It is tradition that military establishments have gate guards, typically armoured vehicles, artillery pieces, weapons' systems, or in the case of the RAF, aircraft. Originally the gate guard at Canal Street was a Ferret Scout Car but this was later replaced by a 5.5inch Howitzer, which was transported from Fulwood Barracks in Preston. It is the same type of gun manned by the DLOY during World War 2. Also on display is a section of brickwork depicting the badge of the Lancashire Rifle Volunteers, saved when the old Volunteer Drill Hall in Powell Street was demolished. 

On 18 October 1990, the regiment was presented with a new Guidon by Her Majesty the Queen, the regiment’s Colonel in Chief. The ceremony was held at the 18th Century Roman Catholic public school, Stonyhurst College in the Ribble Valley. 

The regiments reprieve was to last 21 years, on 1 November 1992, under the governments ‘Options for Change’ the DLOY finally ceased to exist as a regiment. It was cut to one squadron, now designated ‘D’ Squadron, based at Wigan and merged with the Queens Own Mercian Yeomanry to form the Royal Mercian & Lancastrian Yeomanry (RMLY). The other squadrons in the new regiment were based at Telford, Stourbridge and Dudley in the West Midlands.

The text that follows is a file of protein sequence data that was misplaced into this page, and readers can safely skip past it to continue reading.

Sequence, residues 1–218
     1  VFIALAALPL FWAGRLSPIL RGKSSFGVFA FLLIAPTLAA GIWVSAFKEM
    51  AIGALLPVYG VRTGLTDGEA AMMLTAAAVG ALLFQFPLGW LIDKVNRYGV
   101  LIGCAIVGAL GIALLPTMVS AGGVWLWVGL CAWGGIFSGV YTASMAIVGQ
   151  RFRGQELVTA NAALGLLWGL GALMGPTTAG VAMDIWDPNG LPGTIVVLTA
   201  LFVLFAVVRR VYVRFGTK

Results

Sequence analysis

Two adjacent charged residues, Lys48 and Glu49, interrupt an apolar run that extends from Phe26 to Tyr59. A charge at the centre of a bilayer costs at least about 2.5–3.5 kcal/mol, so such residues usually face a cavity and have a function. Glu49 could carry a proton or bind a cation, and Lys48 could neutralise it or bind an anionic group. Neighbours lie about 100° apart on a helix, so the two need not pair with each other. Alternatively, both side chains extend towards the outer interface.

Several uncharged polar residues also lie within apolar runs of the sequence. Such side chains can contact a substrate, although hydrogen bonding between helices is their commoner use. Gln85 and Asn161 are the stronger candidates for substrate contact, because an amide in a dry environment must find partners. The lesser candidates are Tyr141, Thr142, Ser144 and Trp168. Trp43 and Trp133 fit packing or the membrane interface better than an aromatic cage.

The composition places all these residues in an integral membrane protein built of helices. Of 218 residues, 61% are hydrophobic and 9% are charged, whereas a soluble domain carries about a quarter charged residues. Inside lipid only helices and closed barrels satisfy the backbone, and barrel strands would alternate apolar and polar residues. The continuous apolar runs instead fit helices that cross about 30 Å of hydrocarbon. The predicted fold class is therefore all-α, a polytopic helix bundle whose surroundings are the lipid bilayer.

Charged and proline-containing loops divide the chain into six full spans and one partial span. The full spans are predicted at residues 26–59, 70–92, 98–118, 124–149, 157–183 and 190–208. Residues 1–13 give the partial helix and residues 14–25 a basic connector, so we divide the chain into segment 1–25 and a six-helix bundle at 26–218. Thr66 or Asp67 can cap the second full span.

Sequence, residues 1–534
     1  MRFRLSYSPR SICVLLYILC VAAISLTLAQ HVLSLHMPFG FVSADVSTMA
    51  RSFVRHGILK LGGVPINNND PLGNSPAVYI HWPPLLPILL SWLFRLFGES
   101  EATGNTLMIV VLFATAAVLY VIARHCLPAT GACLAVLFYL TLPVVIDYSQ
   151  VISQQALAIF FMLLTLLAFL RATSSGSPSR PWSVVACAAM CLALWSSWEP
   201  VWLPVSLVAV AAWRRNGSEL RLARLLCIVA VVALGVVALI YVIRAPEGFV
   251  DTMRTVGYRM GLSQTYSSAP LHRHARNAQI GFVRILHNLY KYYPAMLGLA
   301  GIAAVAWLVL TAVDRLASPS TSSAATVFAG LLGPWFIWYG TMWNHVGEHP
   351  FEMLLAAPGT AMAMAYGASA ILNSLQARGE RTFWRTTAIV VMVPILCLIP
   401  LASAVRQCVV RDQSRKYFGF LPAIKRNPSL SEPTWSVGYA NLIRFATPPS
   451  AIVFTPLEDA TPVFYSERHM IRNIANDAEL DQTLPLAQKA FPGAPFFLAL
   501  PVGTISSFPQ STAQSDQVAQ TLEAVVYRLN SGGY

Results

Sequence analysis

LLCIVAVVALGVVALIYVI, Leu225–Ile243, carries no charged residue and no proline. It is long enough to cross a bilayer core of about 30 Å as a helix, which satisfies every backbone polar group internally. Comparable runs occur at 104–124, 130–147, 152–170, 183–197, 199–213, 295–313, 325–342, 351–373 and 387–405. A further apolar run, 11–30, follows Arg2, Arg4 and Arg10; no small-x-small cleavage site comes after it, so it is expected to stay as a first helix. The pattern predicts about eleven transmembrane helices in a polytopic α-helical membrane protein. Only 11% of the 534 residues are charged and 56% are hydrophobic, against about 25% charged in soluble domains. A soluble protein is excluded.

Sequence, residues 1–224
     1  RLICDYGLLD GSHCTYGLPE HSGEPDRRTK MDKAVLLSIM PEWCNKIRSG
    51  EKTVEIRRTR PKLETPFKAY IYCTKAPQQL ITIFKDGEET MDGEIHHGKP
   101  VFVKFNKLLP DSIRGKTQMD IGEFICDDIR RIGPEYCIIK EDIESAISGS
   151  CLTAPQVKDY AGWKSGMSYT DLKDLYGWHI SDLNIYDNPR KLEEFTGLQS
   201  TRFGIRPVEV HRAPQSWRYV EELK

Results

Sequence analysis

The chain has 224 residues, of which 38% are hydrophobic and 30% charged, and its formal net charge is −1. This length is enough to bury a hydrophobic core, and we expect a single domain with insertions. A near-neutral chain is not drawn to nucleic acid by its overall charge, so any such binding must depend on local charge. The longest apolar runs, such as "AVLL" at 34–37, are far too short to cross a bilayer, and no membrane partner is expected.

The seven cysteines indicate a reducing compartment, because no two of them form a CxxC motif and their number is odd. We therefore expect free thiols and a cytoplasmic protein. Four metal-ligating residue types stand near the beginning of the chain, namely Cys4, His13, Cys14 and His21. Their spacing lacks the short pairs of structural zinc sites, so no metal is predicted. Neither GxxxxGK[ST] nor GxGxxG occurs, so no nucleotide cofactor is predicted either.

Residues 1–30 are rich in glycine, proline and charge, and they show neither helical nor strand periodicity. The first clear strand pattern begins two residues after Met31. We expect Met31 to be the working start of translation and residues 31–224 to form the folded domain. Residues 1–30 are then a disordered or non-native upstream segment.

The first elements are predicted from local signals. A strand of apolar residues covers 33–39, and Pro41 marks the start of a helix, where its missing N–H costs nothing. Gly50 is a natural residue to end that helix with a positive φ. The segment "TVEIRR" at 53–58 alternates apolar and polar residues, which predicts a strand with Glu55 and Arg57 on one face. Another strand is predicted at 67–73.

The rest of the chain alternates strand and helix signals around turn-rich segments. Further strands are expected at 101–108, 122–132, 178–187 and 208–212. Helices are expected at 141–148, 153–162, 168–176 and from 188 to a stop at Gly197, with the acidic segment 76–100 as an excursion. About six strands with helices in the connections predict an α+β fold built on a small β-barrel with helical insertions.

In July 2013 it was announced that the RMLY would be restructured for the Army 2020 plan, ‘D’ (DLOY) Squadron RMLY would now become part of the Queens Own Yeomanry (QOY) who had just undergone major changes to its establishment. The RMLY, in their short existence had sent more people on operational tours to Iraq and Afghanistan than any of their predecessors since the Second World War. 

                                                 Jackal Reconnaissance Vehicle

The QOY are equipped with Jackal reconnaissance vehicles, armed with 7.62mm General Purpose Machine Guns and 12.7mm Heavy Machine Guns. The Wigan squadron are affiliated to ‘B’ Squadron Light Dragoons, a regular Royal Armoured Corps regiment. After over 200 years the DLOY name still lives on under the guardianship of ‘B’ (Duke of Lancaster’s Own Yeomanry) Squadron, Queens Own Yeomanry, based in Canal Street, off Woodhouse Lane in Wigan. 

Graham Taylor 2022 


Photographs courtesy of Lt. Col. (Rtd) J. Tustin, DLOY Museum Archive

Main Source
Chain Mail, The History of the Duke of Lancaster's Own Yeomanry by John Brereton 

Other Sources 

British Newspaper Archives 

History of Parliament Online 

The Archives of the Duke of Lancaster's Own Yeomanry 

Wigan World website 


* The email will not be published on the website.